But why do we experience sufferings? Why isn’t the Christian life all rainbows and butterflies?

Because we are at war. We are in a fallen world that craves darkness, and we shine the light of Jesus. And those who live in darkness can’t stand that light. So they do what they can to snuff it out, even when that means snuffing the life out of us.

So if you’re laughed at for reading your Bible or praying, or if others scoff at you for being “na├»ve,” or if you’re rejected for practicing your faith, remember: You’re not alone. And the God whom you serve in spite of whatever persecution you face will honor your faithfulness with eternal life with Him (see Mark 10:29-31).

Friday, April 08, 2016

The Word of God (1 Thessalonians 2:13)

Today’s scripture: 1 Thessalonians 2:13

What do you believe about the Bible? Is it just a book with a lot of stories? Or a book with some good advice, but no more important than any other book? Or a book with some truth, some words to live by, but with a lot of irrelevancy?

Or do you believe it to be the inspired, inerrant word of God?

I guess my thought is either you believe the Bible to be God’s word or you don’t. To take bits and pieces and reject the rest seems so odd to me. If God is the sovereign of all creation, then He certainly worked through the pens of men to create a written documentation for us to know more of whom He is.

God breathed His truth through the writers, and He breathed His truth through those who gathered the books into what we now know as the Holy Bible.

Many people don’t necessarily have a problem with the idea of God’s inspiration of the Bible, but the idea of inerrancy doesn’t sit well … throughout the ages and with all the translations, there must be errors, they say. Inerrancy defined means there were no errors in the original manuscripts. And yes, as fallible man copied the original manuscripts, some fractional errors may have occurred.

But again, if God is sovereign, if He is all-powerful, all-knowing, all-present, then don’t you think He guided the pens of the scribes? And don’t you think that if any error entered a copy, it was so minor so as not to make any real difference in His final message?

Believe what you will about the Bible. But if you believe it to be God’s word, then believe it to be God’s word.

Thursday, April 07, 2016

How's Your Walk? (1 Thessalonians 2:9-12)

Today’s scripture: 1 Thessalonians 2:9-12

“… walk in a manner worthy of the God who calls you into His own kingdom and glory.” What does this really mean? What manner is worthy enough to deserve being a part of God’s kingdom?

I believe it means behaving in a way that pleases God. It means spending time in His word learning more about Him and His character. It means praying and communing with Him, listening to His voice.

It means striving to live by the greatest commandment, and “love the Lord your God with all your heart, with all your soul, with all your mind, and with all your strength” (Mark 12:30). And living by the second greatest, as well, by striving to “love your neighbor as yourself” (v. 31).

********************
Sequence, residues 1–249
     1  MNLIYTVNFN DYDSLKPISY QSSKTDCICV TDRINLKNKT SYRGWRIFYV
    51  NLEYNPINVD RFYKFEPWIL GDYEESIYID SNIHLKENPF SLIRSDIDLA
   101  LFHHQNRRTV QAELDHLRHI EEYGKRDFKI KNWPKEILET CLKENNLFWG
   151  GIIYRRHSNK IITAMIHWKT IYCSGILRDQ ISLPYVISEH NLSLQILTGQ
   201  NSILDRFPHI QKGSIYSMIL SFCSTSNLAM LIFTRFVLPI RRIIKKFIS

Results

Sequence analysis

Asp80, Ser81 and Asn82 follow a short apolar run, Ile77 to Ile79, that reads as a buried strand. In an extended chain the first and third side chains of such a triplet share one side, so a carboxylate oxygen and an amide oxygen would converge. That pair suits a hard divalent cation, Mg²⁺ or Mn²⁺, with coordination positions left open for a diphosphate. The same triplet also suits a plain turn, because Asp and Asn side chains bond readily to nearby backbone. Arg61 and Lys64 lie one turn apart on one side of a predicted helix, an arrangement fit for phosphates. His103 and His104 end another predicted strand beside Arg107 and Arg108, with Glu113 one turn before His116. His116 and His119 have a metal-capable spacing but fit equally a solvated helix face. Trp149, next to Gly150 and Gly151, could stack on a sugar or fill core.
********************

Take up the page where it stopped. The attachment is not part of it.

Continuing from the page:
It means allowing the Holy Spirit to manifest His fruit in you so you are loving, joyful, patient, gentle, and kind (see Galatians 5:21-23). It means serving the “least of these” (Matthew 25:31-40).

Or as Paul wrote, it means to live devoutly, uprightly, and blamelessly, and exhort and encourage your brothers and sisters in Christ.

Sounds like a very high calling, doesn’t it? When the end result is being with God in His kingdom, it’s really the least we can do.

Wednesday, April 06, 2016

A Tall Order ... (1 Thessalonians 2:7-8)

Today’s scripture: 1 Thessalonians 2:7-8

Jesus said, “You shall love your neighbor as yourself” (Mark 12:31). He went on to say. “… love one another; as I have loved you, that you also love one another.
By this all will know that you are My disciples, if you have love for one another” (John 13:34-35).

As followers of Christ, we are to love one another. We are to be kind and gentle. We should show compassion. Throughout the gospels, we see how Jesus cared for others.

He showed compassion to the woman caught in adultery (John 8:11) and to the woman with a flow of blood (Matthew 9:22). He was gentle when he met the Samaritan woman in her shame (John 4:1-26).  He grieved with Martha and Mary (John 11:35).

And Jesus’ heart broke when He saw the rebellion of His people:
“O Jerusalem, Jerusalem, the one who kills the prophets and stones those who are sent to her! How often I wanted to gather your children together, as a hen gathers her brood under her wings, but you were not willing!” (Luke 13:34).

So as Jesus showed compassion and gentleness, we should do the same. We should treat our brothers and sisters with affection and kindness, loving them as we love ourselves. Even more, loving them as Jesus loves us.

Tuesday, April 05, 2016

Whom Are You Pleasing? (1 Thessalonians 2:3-6)

Today’s scripture: 1 Thessalonians 2:3-6